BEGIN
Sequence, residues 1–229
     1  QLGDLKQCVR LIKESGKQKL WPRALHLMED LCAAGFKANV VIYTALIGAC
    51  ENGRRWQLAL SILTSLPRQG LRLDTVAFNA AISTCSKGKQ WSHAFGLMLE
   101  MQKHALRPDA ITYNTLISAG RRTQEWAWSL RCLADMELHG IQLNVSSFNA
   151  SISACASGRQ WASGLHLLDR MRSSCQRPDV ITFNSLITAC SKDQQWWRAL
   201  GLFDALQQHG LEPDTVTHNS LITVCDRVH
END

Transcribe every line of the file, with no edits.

Sequence, residues 1–229
     1  QLGDLKQCVR LIKESGKQKL WPRALHLMED LCAAGFKANV VIYTALIGAC
    51  ENGRRWQLAL SILTSLPRQG LRLDTVAFNA AISTCSKGKQ WSHAFGLMLE
   101  MQKHALRPDA ITYNTLISAG RRTQEWAWSL RCLADMELHG IQLNVSSFNA
   151  SISACASGRQ WASGLHLLDR MRSSCQRPDV ITFNSLITAC SKDQQWWRAL
   201  GLFDALQQHG LEPDTVTHNS LITVCDRVH